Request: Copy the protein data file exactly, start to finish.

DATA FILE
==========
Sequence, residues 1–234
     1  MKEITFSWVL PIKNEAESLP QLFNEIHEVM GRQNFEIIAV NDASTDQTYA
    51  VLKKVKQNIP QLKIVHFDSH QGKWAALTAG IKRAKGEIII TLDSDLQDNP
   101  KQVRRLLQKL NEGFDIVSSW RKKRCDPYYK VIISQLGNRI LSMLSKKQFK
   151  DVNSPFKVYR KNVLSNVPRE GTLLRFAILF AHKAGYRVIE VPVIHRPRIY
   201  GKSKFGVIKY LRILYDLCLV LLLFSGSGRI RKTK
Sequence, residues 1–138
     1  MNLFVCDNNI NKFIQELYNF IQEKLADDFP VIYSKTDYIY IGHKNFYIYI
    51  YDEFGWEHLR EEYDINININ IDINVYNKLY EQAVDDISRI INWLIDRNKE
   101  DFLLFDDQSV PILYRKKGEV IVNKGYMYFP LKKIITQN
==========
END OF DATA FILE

Sequence, residues 1–234
     1  MKEITFSWVL PIKNEAESLP QLFNEIHEVM GRQNFEIIAV NDASTDQTYA
    51  VLKKVKQNIP QLKIVHFDSH QGKWAALTAG IKRAKGEIII TLDSDLQDNP
   101  KQVRRLLQKL NEGFDIVSSW RKKRCDPYYK VIISQLGNRI LSMLSKKQFK
   151  DVNSPFKVYR KNVLSNVPRE GTLLRFAILF AHKAGYRVIE VPVIHRPRIY
   201  GKSKFGVIKY LRILYDLCLV LLLFSGSGRI RKTK
Sequence, residues 1–138
     1  MNLFVCDNNI NKFIQELYNF IQEKLADDFP VIYSKTDYIY IGHKNFYIYI
    51  YDEFGWEHLR EEYDINININ IDINVYNKLY EQAVDDISRI INWLIDRNKE
   101  DFLLFDDQSV PILYRKKGEV IVNKGYMYFP LKKIITQN